Urdu and Hindsutani

Samar Abbas abbas at IOPB.RES.IN
Sat Dec 5 16:17:32 UTC 1998

On Fri, 4 Dec 1998, S Krishna wrote:
> My dear Samar, I am genuienly confused now...It is true that the Gupta
> period is called the "Golden Age of the Guptas" but which historian
> has classified the few centuries preceding the Delhi sultanate as
> "The Dark ages"? What exactly do you have in mind when you say "features
> of post-Gupta period were considered barbaric"?

Compared to the splendid Gupta empire, the period following its disruption
involved a period of almost continuous warfare among the various petty
kingdoms. The Huns invaded from India, destroying the Gupta culture.

> If, by barbaric, you are
> refering to the ravages of worthies like Mahmud of Ghazni, then I would
> agree:-)...

No doubt these were ravages, but you must realize that the Huns, and many
other allied tribes had entered into India during the post-Gupta empire.
It is recorded that Mihirakula persecuted Buddhists and was very cruel. So
Mahmud was not the first in the line, but rather a late-comer.

 By barbaric, I was only referring to post-Gupta society, not the Gupta.
Thus large-scale sati was practiced; the rigid caste system and
religious persecution as those by Mihirakula were other features. There
seems to have been constant warfare as the small `Gupta successor' petty
states fought one another.

> About the only place where I have seen something along the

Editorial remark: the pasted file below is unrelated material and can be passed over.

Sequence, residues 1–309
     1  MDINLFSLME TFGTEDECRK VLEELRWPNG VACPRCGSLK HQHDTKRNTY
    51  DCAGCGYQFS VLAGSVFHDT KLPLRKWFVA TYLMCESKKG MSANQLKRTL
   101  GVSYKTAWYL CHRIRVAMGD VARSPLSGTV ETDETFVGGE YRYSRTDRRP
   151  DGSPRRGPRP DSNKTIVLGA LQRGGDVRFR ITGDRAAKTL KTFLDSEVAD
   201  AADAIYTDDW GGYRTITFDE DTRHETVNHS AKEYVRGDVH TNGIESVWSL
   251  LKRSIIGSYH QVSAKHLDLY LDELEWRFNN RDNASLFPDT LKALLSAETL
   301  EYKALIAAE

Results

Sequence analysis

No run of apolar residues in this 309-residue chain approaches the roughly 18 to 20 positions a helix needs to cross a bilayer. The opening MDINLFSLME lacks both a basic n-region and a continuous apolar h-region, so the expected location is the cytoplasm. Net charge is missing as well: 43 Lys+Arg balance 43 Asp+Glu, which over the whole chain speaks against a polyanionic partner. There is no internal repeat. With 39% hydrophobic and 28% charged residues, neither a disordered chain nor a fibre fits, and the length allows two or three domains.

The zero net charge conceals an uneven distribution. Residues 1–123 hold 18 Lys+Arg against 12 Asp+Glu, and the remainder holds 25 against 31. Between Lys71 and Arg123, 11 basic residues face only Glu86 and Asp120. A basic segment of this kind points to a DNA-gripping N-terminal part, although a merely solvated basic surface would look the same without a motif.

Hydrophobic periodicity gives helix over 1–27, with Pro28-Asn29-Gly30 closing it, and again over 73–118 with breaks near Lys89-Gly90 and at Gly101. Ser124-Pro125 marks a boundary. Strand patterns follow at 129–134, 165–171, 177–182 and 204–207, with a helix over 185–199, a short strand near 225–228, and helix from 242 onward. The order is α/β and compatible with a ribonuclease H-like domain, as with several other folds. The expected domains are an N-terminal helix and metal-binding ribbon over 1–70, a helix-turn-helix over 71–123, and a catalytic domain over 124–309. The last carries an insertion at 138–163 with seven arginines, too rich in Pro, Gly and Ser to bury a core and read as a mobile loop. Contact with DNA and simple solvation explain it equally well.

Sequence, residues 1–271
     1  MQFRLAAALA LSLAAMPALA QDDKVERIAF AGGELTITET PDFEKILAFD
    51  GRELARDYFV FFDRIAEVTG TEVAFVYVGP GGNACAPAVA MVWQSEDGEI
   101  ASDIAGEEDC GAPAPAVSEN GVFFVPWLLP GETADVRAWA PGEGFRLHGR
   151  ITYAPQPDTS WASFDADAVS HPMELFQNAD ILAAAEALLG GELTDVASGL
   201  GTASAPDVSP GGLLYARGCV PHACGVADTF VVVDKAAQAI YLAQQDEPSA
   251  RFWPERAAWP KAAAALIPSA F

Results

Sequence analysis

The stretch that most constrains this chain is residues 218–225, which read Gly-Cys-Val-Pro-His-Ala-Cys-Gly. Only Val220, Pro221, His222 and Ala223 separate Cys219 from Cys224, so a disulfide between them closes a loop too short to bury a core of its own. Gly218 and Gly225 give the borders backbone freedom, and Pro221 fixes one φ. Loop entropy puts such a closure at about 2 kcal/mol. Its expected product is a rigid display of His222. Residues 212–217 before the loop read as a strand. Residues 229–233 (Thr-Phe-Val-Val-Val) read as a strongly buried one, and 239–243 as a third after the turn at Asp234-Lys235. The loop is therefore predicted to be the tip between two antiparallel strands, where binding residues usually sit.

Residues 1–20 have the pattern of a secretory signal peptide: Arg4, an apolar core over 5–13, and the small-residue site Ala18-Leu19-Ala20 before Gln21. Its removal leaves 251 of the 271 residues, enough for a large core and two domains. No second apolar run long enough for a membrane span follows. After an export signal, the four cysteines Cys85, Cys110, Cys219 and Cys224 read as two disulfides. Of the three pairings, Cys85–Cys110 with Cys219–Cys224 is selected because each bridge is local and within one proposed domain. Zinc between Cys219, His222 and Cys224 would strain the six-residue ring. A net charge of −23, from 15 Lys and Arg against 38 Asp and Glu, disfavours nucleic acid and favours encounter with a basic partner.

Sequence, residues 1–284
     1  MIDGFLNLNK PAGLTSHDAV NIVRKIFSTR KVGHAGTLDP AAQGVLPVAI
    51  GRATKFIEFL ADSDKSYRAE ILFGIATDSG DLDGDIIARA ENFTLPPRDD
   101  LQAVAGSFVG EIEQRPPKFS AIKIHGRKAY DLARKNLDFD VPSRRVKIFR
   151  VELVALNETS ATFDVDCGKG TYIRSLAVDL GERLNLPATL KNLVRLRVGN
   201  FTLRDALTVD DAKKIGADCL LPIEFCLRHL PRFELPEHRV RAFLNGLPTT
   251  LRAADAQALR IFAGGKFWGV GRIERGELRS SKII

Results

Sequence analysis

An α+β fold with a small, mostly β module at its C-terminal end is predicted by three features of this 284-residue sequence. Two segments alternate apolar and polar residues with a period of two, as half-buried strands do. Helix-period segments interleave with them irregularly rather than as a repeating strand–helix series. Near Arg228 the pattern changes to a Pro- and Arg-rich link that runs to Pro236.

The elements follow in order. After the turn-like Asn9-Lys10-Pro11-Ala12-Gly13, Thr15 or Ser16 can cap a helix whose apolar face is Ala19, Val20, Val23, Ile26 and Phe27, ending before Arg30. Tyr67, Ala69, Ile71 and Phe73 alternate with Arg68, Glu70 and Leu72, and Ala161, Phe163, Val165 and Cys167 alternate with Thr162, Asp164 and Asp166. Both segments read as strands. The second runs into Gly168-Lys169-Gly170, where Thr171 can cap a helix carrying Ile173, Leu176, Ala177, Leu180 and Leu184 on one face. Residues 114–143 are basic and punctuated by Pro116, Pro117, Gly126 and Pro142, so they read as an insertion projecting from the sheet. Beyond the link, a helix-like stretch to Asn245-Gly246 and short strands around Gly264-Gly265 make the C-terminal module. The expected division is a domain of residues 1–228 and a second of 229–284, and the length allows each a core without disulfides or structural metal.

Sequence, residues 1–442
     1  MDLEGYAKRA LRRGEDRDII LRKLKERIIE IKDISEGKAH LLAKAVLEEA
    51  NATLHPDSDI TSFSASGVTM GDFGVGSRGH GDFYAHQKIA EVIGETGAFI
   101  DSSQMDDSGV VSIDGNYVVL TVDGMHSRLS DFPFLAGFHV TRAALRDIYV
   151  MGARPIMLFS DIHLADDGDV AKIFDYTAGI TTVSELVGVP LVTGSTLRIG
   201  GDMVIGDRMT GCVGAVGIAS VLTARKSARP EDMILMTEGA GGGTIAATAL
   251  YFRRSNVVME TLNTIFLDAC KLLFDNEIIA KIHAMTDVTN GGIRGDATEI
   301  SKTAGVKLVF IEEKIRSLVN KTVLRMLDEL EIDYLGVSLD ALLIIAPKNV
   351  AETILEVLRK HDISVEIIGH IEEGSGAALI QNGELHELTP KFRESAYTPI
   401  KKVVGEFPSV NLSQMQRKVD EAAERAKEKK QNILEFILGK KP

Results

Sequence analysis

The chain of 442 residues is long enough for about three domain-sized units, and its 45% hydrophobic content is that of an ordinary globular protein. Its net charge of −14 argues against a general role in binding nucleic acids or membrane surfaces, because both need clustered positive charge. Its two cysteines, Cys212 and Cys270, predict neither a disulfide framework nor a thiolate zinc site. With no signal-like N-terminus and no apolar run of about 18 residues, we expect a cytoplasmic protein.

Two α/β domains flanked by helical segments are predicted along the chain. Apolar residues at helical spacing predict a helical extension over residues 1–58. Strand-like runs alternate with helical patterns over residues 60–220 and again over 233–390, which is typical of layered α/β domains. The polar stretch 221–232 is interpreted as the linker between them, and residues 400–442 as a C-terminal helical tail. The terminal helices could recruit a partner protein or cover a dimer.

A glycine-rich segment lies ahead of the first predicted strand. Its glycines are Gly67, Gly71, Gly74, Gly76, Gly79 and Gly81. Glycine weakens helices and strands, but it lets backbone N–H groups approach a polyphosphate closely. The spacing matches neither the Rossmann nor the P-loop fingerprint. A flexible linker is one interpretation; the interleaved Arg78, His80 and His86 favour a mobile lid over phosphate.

> lines of the stuff you have written is in Nehru's "Glimpses of World
> History", but then Nehru can hardly be called an interpreter of
> history....

  That is true; it may not be explicitly stated in text books, but I am
not aware of any historian who classes the post-Gupta period as a Golden
Age. It is implicitly implied in the standard text-books today (ie.
`Marxist histories') that the post-Gupta period was similar to that after
the fall of any great empire: a collapse of the economy. a decline in
trade and material well-being, and general confusion. This happended after
the fall of the Roman Empire, as well as after the fall of the Soviet
Empire. Nehru may not be an interpreter of history, but his view
represented the general official line which was subsequently taken by the
Govt. of India and is still to be found (as you say, it may not be
explicitly stated, but it is implicit ) in standard text-books published
by that body today. I am also not aware of even the RSS and BJP historians
claiming that the post-Gupta period was a `Golden Age' (please correct me
if I am wrong).


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